Since hitting 10 games under .500 on Dec. 7, the Grizzlies have the eighth-best record in the NBA at 21-10. It’s a remarkable achievement for a team that is already years ahead of schedule. This is how the Grizzlies soared past their expectations sooner than anyone expected.
Morant has been a star from Day 1
Morant is going to be Rookie of the Year, but he’s so much more than that, too. Based on his scoring efficiency while carrying a major usage burden and his impact on team success, Morant already fits the rough qualifications of a star. That is so rare for a rookie, especially one playing point guard.
The last decade of league history is littered with point guards who took their lumps as rookies. The Cavs won 19 games with Kyrie Irving. The Lakers won 17 with D’Angelo Russell. The Kings won 27 with De’Aaron Fox and the Hawks won 29 with Trae Young. There’s a long line of first-year point guards failing to lead their teams to wins. Morant has changed that.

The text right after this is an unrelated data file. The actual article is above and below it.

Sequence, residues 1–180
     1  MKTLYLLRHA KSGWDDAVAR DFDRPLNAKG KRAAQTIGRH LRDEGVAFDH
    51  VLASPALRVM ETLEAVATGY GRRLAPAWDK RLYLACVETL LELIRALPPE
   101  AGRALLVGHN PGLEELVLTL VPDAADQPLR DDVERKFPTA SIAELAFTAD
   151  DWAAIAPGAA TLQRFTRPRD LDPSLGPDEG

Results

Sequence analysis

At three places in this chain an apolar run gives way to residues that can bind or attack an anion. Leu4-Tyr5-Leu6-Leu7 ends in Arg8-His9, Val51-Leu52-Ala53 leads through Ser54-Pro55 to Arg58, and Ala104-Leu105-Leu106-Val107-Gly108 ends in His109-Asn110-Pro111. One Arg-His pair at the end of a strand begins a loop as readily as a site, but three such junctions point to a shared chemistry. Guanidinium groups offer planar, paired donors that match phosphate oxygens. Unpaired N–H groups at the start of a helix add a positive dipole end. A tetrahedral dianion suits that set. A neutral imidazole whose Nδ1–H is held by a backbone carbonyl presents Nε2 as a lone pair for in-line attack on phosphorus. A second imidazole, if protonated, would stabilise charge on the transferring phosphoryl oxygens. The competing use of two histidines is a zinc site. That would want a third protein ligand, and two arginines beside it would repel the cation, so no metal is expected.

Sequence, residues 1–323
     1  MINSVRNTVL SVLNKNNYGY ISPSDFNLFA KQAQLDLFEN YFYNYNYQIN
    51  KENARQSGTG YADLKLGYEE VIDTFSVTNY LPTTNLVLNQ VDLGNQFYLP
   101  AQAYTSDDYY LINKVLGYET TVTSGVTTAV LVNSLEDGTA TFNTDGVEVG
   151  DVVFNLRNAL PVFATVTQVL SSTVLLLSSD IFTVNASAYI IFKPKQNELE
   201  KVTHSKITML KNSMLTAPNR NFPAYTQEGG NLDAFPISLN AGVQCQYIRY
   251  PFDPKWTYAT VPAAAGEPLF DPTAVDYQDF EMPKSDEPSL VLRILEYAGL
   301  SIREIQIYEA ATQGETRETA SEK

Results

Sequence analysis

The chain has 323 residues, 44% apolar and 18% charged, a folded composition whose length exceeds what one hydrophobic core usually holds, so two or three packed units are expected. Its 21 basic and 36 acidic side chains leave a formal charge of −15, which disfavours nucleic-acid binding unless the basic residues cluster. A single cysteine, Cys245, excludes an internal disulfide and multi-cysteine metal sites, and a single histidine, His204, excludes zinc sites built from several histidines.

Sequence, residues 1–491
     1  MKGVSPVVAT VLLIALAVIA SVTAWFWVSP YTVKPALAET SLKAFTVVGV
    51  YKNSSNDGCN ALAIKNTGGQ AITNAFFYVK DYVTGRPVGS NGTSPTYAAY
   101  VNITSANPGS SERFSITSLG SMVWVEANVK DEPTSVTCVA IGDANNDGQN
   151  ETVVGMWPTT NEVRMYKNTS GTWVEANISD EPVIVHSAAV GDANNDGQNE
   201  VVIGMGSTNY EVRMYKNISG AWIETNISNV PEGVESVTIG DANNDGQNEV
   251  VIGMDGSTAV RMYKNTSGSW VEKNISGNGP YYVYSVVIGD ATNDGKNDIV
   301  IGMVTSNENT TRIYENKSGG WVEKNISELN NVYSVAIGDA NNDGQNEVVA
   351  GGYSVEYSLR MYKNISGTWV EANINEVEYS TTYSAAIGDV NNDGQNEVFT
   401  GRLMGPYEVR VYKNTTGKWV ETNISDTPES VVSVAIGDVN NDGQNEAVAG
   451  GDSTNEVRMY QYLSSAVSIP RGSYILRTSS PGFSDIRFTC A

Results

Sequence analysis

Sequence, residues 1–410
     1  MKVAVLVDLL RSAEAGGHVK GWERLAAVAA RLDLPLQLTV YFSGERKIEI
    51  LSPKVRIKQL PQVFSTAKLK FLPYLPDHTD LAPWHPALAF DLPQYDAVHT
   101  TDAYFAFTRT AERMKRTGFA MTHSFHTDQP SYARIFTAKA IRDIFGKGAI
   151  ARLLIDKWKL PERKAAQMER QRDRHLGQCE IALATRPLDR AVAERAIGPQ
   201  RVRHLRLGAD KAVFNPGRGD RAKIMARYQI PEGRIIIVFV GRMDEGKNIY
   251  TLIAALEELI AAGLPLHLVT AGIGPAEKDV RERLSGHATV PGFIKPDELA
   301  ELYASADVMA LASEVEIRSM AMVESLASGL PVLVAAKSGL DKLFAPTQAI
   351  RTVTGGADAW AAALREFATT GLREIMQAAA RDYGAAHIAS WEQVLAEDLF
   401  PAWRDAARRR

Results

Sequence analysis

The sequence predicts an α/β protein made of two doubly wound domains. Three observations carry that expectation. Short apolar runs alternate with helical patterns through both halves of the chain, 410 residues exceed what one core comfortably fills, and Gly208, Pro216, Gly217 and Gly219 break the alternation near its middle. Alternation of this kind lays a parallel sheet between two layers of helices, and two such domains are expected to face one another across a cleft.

Morant’s 57.1 percent true shooting and 35 percent assist rate stacks up well against any rookie point guard to enter the league in recent memory, from Derrick Rose to Russell Westbrook to John Wall. Every trait that was promised in the pre-draft build up has translated. Yes, his athleticism is functional and it allows him to pressure the rim at will. His passing vision is superb. He also plays with a creativity that can’t be taught, finding new openings for himself and his teammates that no 20-year-old would be expected to uncover.
The Grizzlies are ahead of schedule largely because Morant is. What he’s doing as a rookie starter is truly unique.
The rest of the Grizzlies’ young core is also ready to win